The most consistent structural abnormality of the NMJ shown by electron microscopy were: (1) small axon terminal size and encasement of nerve endings by the Schwann cell; (2) severe widening of the primary synaptic clefts with invasion of the synaptic space by processes of Schwann cells; and (3) moderate simplification of the postsynaptic membranes (). The small nerve terminals, which often appeared divided into multiple very small segments and retracted from the postsynaptic membrane, were in all cases partially or completely encased by processes of the Schwann cells. As a result of the encasement of the nerve terminal and invasion of the synaptic space by the Schwann cell, the areas of apposition between the nerve terminal and the postsynaptic membrane were extremely small, and even in these areas where presynaptic membranes were directly apposed to postsynaptic membranes the primary synaptic cleft was notably widened. Occasional active zones were seen in the nerve terminal, but they were not consistently apposed to the secondary clefts, as seen in the controls. Some nerve terminals showed a relatively normal number of synaptic vesicles, while others showed few synaptic vesicles. Overall, there was a mild reduction in the density of synaptic vesicles compared to the controls. In the postsynaptic region, there was simplification of the postsynaptic membranes, which was variable and minor compared to the extreme hypoplasia of the axon terminals. There was no other postsynaptic abnormality, with the exception of two sub-sarcolemmal nuclei containing degenerating membranous debris.
Figure 1 Ultrastructural findings at the neuromuscular junction (NMJ). Control (A) and the patient (B–F). (A) Normal NMJ from a control demonstrating normal nerve terminal size and highly complex postsynaptic membrane folding with well formed secondary (more ...)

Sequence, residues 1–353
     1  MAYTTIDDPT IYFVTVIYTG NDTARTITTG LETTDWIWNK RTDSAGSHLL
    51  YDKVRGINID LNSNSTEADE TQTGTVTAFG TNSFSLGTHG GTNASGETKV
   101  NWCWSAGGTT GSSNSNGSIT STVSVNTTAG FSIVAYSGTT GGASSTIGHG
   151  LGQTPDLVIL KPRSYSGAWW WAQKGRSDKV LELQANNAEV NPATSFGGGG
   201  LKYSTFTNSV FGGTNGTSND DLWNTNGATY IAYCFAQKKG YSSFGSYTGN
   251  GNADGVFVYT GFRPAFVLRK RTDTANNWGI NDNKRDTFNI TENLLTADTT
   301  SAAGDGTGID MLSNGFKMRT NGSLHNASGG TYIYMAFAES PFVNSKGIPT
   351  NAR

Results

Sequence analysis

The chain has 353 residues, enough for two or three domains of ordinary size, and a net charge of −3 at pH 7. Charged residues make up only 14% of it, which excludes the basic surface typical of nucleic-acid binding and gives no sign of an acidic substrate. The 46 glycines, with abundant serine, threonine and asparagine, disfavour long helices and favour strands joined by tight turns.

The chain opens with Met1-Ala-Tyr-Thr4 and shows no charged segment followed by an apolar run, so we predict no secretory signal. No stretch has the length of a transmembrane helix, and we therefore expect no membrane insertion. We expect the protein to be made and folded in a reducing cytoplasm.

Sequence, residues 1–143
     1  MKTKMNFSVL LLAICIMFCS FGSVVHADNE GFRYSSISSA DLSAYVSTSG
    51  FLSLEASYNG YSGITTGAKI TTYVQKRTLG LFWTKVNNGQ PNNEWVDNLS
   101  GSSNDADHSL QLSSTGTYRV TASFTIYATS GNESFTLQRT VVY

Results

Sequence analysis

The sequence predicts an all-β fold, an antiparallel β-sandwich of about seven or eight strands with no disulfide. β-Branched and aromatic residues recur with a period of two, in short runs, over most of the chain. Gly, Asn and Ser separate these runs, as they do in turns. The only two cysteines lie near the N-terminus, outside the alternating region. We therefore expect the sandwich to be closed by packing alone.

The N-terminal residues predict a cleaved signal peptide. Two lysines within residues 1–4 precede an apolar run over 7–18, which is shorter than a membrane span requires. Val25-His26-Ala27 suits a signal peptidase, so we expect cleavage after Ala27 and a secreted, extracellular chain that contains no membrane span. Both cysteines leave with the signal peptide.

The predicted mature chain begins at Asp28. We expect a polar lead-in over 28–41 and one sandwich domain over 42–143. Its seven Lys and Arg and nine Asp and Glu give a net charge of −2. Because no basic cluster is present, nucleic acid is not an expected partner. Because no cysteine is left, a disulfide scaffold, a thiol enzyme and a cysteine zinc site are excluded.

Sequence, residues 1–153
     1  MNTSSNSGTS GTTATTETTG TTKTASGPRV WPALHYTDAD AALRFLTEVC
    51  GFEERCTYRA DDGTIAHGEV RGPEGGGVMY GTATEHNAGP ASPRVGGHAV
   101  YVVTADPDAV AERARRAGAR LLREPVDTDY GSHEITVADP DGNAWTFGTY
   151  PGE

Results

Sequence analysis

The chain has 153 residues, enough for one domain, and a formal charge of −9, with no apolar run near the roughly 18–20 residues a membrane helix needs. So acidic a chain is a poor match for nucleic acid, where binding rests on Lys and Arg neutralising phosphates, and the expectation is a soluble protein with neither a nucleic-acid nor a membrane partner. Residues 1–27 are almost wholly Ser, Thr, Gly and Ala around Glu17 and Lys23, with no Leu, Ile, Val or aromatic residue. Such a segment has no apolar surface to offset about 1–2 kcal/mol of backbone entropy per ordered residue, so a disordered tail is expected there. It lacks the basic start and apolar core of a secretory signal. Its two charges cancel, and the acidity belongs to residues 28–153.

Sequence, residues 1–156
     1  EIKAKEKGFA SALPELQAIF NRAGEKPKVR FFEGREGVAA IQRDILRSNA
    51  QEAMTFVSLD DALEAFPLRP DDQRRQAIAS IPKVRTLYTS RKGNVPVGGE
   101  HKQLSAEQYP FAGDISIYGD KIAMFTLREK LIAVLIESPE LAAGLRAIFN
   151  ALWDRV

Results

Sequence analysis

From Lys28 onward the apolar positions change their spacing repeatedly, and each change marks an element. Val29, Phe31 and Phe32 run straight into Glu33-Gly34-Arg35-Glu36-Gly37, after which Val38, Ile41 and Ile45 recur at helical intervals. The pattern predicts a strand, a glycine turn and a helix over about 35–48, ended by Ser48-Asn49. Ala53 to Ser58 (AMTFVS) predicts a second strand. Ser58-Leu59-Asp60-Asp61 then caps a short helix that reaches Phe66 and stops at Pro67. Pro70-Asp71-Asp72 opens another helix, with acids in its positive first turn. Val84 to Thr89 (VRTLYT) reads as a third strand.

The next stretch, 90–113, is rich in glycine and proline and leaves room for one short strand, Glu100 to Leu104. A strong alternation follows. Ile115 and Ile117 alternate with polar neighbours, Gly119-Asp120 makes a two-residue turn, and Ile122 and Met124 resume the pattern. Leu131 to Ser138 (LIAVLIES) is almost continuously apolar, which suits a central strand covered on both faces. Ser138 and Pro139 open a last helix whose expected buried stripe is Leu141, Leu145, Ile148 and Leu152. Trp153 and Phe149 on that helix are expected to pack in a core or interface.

The morphometric analysis of the NMJ was performed as previously described16
and revealed that relative to the controls, our patient showed diminished average axon terminal area and number of synaptic vesicles per area (). The width of the primary synaptic cleft was notably increased and the area of direct apposition of the nerve terminal to the postsynaptic membranes was extremely small (). There was also a reduction of the endplate index (ratio of postsynaptic membrane length/presynaptic membrane length), although the average number of secondary folds per μm of primary cleft was not decreased.
After obtaining a signed consent approved by the institutional review board of the University of California Davis, we amplified and sequenced genomic DNA from all 32 exons of the human LAMB2 gene and encountered two novel LAMB2
mutations (, supplemental ). Both mutations are single base pair deletions, resulting in frameshifts. 1478delG
occurs in exon 11, while 4804delC
occurs in exon 29. 1478delG
results in an early stop codon at amino acid 496, and 4804delC
creates a termination codon at amino acid 1653. Mutational analysis in the patient’s family revealed that the 1478delG
mutation derives from the patient’s unaffected mother. In contrast, the 4804delC
mutation is derived from the patient’s unaffected father and is also carried by the patient’s unaffected brother. Mutational analysis in CHRNA1, CHRNB, CHRND
, CHRNE, RAPSN, MUSK, DOK7
was performed as previously described16
and showed no abnormalities.
Figure 2 Mutational analysis findings. (A) Schematic view of the 32 coding regions of human LAMB2 showing the positions of the identified mutations in exons 11 and 29. White regions correspond to untranslated portions of the gene. The 100 bp marker corresponds (more ...)
Because both genetic defects encountered in LAMB2
are deletions leading to frame shifts, we predicted that the protein would be truncated and fail to assemble with the rest of the subunits. Indeed, both Western blot, performed as previously described,17
in kidney and muscle tissues, and immunohistochemistry in kidney tissue showed no expression of laminin β2 (, supplemental ).
Figure 3 Western blot analysis. Results of a Western blot using a rabbit polyclonal antibody directed against an epitope corresponding to amino acids 1549–1798 of human laminin β2 (Santa Cruz Biotechnology, Santa Cruz, California, USA) and frozen (more ...)